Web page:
In an effort to lure mobile music listeners uncomfortable or unfamiliar with downloading music off the Internet, and to resuscitate sales of whole albums, SanDisk has introduced a new portable music player and revived an older method of music buying. At $19.99, its new Sansa slotMusic Player is one of the least expensive digital music players out there--and may be the simplest to operate. However, it lacks one key feature: onboard storage. Instead, users will need to buy slotMusic Cards, 1GB microSD Cards preloaded with a full albums that cost around $15. The idea is that, like cassette tapes and CDs, consumers prefer both physical media and the immediate gratification of the plug-and-play albums, instead of having to download their tunes to a computer first. However, in a world where all music is on the Internet, the slotMusic Player and cards may only make sense for a small niche of consumers.
The 2.8 x 1.4 x 1.4-inch slotMusic Player is no bigger than a pack of Trident gum and, at a little more than 2 ounces, it felt almost nonexistent when we wore it in a pocket at the gym. The player's design echoes its simple purpose. The rounded white (also available in black and with artist-branded faceplates) device has a few basic buttons: Play/Pause, Forward, Back, and a volume toggle. A 3.5mm headphone jack is on the right side and a microSD Card slot is on the left of the device. Missing from the device is a hold button; to our dismay the player turned on a number of times while in our bag.
While the interface itself is straightforward, we wish the device had a screen. The lack of a display may not be much of a restriction to those who simply buy a slotMusic Card with a preloaded album, but those looking to use the device with a 16GB card--which can hold up to 4,000 tracks--will quickly get frustrated skipping tracks to find a sought-after song.
Inserting the microSD Card is a simple matter of sliding it in until it clicks into place, much easier than getting a card into a cell phone, like theBlackBerry Curve, with which you have to pull out the battery first. Listening to your music is just as easy on the slotMusic Player: just press the Play button.
We tested the player both with an Abba Greatest Hits slotMusic Card and a regular microSD Card preloaded with our MP3s. It was recognized instantly, and "Dancing Queen" began playing; our other microSD Card, loaded with our favorite indie tunes, worked just as flawlessly. The slotMusic Player is packaged with a pair of black earbuds, which we found quite comfortable. The player and the earbuds cranked out music at high volume and were able to block out all the noise of our treadmill set to medium. Recorded at 320 Kbps, the quality of the slotMusic songs are better than those offered from Amazon.com (256 Kbps) or iTunes (AAC files at 128 Kbps and MP3s at 160 Kbps).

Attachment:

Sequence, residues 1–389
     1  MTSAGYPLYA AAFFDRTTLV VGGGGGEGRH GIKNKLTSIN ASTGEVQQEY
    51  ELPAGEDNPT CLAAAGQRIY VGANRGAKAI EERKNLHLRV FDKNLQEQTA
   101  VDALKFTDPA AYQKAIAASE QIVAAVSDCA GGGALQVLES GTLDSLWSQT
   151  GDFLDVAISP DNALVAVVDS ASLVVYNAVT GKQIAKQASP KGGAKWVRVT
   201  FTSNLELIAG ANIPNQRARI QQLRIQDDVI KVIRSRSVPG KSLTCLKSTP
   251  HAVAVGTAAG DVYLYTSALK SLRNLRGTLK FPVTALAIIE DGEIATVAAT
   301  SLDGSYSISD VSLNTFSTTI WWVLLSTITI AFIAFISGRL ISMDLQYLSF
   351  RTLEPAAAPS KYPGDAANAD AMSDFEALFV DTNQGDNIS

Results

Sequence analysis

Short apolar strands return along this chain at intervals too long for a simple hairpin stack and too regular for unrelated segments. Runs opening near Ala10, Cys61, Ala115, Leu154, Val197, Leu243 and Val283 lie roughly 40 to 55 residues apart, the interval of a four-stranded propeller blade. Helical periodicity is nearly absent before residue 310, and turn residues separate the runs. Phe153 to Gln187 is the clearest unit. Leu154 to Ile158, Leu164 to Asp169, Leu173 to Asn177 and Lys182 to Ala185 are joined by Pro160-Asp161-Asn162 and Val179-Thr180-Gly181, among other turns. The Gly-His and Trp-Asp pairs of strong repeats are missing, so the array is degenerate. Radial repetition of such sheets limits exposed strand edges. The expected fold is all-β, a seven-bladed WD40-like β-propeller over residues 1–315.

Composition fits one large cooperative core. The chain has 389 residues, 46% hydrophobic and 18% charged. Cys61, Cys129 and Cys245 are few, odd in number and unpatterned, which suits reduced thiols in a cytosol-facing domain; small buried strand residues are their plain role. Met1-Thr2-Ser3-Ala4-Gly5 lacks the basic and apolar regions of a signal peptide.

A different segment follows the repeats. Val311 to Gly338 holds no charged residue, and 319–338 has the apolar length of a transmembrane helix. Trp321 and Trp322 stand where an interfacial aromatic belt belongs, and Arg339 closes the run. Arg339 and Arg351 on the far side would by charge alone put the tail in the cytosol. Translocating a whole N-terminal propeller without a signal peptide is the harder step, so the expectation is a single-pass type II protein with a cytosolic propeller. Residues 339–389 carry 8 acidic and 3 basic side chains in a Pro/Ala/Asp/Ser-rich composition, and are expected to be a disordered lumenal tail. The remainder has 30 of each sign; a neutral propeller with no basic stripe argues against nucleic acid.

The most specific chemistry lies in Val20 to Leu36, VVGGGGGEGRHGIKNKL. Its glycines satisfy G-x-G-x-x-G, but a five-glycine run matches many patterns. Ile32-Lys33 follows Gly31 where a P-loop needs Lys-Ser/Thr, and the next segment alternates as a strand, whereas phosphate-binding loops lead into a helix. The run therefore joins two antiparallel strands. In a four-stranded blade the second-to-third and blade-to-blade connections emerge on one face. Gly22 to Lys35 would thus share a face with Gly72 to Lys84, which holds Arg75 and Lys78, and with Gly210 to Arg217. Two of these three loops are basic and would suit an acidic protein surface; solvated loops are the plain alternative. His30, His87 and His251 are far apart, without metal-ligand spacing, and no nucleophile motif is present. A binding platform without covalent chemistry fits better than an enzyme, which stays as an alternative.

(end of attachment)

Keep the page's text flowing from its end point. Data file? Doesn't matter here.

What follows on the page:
You can expect approximately 15 hours of playback time from the player's AAA battery, which can be swapped out from under a slide-off cover.
Managing a slotMusic Card Collection
The other half of SanDisk's Sansa slotMusic Player is the fingernail-size slotMusic Card. These 1GB cards, which will be sold at Best Buy and Wal-Mart for about $14.99 each, will be preloaded with DRM-free MP3 music from artists from labels including EMI Music, Sony BMG, Universal Music, and Warner Music. While SanDisk promises to eventually have a decent selection, it will offer only about 36 albums at launch (ranging from Jimmy Buffet to Kelly Clarkson). Those looking for music beyond those artists can transfer music from their digital music collection to a microSD Card.
Each slotMusic Card comes with a tiny USB adapter, allowing you to transfer music to and from the card using a Mac, Linux, or Windows system. Our Abba card had 180MB of remaining space, which let us put a few more MP3s on it. (Blank 1GB microSD Cards are available for as low as $4.99.) However, the player will accept only MP3s and WMA files; it will not support playback of unprotected AAC files from Apple's iTunes Store, unlike many of today's most popular music phones. On the flip side, we had no problem adding Abba's tracks to the our computer and iTunes library.
Sansa slotMusic Player Verdict
When you consider that slotMedia albums will cost approximately $14.99--compared with $9.99 on iTunes--the SanDisk Sansa slotMusic Player only makes sense for consumers who aren't buying their music online, or who want higher-quality tracks than what they may find at online music stores. Audiophiles comfortable downloading music from the Internet and transferring it to a portable device would be better off with a cheap player with scads of onboard memory, such as Samsung's 1GB Pebble S2 ($39.99). However, the Sansa slotMusic Player is simplicity itself, and despite the lack of an LCD, its $20 price tag is more than enticing.